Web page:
The 87% gender pay gap between the number of men and women earning £1m-plus a year is bad news for everyone concerned – not just women, says Emelia Hamilton-Russell
We all know that women earn less than men. And so we weren’t surprised by a research paper, out yesterday which shows that most people who earn over £1 million a year are men. Despite being better educated - UCAS says young women are a third more likely to go to university than men - there are just 2,200 women in the £1 million-plus income bracket, compared with 16,800 men, according to a study by Salisbury House Wealth.
That means that women make up only 13 per cent of highest earners. In contrast, the average gender pay gap is 18.4 per cent, according to ONS.
The gap is widely blamed on the ‘motherhood penalty’ – those missing months or years that women take away from work to have a family, while male colleagues get promoted into senior management.
But – a controversial statement for a publication focused on wealth - life’s not all about money.
Many would argue that the 18 hour days often needed to build a million pound a year career just aren’t worth it. Research by psychologists at Purdue University suggests that every pay rise up to around £60,000 a year makes you happier, but any rise after that makes very little difference to what the study calls ‘life satisfaction’. Perhaps, then, women are not just better educated, but also smarter – choosing the hallowed ‘work/life balance’ rather than working their way to riches.
However, the fact that 87 per cent of the people earning over a million a year are male has much wider societal implications, because those with the most money in society are naturally the ones who wield most power.
And that’s a problem.
When I asked high-flying corporate recruiter Rhian-Anwen Hamil, CEO of RHA Partners and quite possibly one of the 2,200 in the £1 million plus earning bracket, about the imbalance at the top earlier this year, she said pointedly: ‘It’s important that women don’t just replace an overabundance of men at the top, but rather add diversity of method.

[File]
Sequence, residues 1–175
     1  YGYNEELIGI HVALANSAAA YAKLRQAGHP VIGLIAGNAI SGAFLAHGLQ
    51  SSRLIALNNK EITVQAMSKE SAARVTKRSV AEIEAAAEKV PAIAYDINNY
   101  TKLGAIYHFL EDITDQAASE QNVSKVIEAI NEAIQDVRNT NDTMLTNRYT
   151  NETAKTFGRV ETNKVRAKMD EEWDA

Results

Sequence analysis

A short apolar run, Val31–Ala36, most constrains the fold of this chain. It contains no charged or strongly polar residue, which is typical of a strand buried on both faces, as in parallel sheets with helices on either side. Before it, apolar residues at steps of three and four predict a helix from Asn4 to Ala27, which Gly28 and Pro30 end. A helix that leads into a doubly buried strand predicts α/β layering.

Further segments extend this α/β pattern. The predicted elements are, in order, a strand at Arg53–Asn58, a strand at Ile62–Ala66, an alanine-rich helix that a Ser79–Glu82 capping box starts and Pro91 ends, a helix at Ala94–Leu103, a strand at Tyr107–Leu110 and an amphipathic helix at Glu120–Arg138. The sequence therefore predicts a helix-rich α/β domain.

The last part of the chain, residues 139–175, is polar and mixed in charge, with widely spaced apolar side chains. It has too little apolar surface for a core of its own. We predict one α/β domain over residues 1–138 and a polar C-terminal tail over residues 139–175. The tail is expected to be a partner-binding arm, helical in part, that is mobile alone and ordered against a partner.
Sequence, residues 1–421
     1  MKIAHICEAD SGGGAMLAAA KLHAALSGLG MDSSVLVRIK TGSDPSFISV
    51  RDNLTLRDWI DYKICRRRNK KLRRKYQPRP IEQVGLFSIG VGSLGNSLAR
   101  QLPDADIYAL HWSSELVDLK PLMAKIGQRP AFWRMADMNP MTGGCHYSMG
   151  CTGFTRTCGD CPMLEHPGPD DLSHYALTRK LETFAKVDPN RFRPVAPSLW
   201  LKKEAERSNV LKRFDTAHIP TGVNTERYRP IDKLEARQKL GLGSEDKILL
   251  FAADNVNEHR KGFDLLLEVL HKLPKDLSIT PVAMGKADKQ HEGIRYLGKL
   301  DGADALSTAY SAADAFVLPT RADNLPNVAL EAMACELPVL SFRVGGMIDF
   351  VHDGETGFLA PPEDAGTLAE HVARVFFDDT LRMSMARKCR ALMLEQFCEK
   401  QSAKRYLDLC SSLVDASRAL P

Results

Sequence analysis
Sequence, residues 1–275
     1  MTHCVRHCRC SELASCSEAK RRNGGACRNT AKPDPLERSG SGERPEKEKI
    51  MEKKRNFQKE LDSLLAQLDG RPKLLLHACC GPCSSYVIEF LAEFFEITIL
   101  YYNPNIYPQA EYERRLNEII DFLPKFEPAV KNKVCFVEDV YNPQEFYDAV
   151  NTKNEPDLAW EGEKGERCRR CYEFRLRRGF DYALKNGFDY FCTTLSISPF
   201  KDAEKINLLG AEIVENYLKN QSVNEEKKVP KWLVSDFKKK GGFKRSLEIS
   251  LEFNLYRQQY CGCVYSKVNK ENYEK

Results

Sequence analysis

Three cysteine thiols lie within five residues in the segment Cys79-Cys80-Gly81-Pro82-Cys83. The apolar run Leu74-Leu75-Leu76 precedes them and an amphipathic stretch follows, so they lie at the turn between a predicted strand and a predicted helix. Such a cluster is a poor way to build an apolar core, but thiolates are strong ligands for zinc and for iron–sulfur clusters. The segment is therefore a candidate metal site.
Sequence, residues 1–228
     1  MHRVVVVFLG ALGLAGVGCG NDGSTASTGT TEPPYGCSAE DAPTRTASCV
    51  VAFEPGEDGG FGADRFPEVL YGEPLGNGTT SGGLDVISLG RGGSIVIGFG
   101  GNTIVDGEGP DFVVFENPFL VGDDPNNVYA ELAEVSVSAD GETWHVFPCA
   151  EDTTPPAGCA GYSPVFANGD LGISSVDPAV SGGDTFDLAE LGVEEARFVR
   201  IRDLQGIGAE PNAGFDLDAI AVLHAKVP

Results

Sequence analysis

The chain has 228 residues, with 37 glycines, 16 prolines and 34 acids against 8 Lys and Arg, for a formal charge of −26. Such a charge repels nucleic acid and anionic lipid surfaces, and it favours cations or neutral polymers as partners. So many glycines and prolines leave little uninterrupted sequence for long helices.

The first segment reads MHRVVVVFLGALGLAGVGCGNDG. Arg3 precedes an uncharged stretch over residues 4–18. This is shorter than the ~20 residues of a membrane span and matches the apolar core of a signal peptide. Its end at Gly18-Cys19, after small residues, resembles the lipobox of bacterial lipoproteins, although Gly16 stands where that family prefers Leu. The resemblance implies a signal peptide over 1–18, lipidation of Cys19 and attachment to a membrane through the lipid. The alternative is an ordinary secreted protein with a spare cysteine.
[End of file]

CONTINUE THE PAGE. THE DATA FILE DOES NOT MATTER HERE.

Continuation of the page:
'Once this is recognised, the argument for finding better ways to promote female leaders - by subsidising childcare and allowing flexible working for example - becomes much stronger.
'To me, it’s obvious that promoting women is not just a matter of equality.’
Indeed, profit is also affected by a male-dominated C-suite.
Scandinavia’s biggest bank, Nordea, studied almost 11,000 publicly traded companies across the globe and found that firms with a woman running the show performed far better than the market.
Hamil puts the success of female-led companies down to emotional intelligence and humility – traits that are becoming the keys to success in the modern world. ‘Of course, old-fashioned traits like charisma, eloquence, and good humour are still relevant.
'However, throughout history most – if not all – good leaders have these traits. These days, leaders also need the humility to connect with people and listen to what’s going on at the grass roots. And who is best placed to bring these values? … Women.’ As of March this year, there are still only seven female CEOs on FSTE 100 companies. Meanwhile there are just 30 women CEOs in the FTSE 250.
One of the very few careers in which women pip men to the £1 million plus post is in the British modelling industry. Reportedly, female models around 75 per cent more than their male counterparts, and women make up nine of the top 10 highest earning models in British fashion. The only male in the top ten earning bracket is David Gandy, while Cara Delavigne, Kate Moss, Rosie Huntington-Whitley, and Kate’s 20 year old sister Lottie Moss are all well into the million pounds-a-year income bracket. So, for ambitious women who are all about the money, and happen to be blessed with superior genes, the message is clear.
Good eyebrows pay much more than a first class honours degree.
Photo credit: Wikimedia Commons
Emelia Hamilton-Russell is a writer at Spear’s
Main Photo - Alpha Stock Images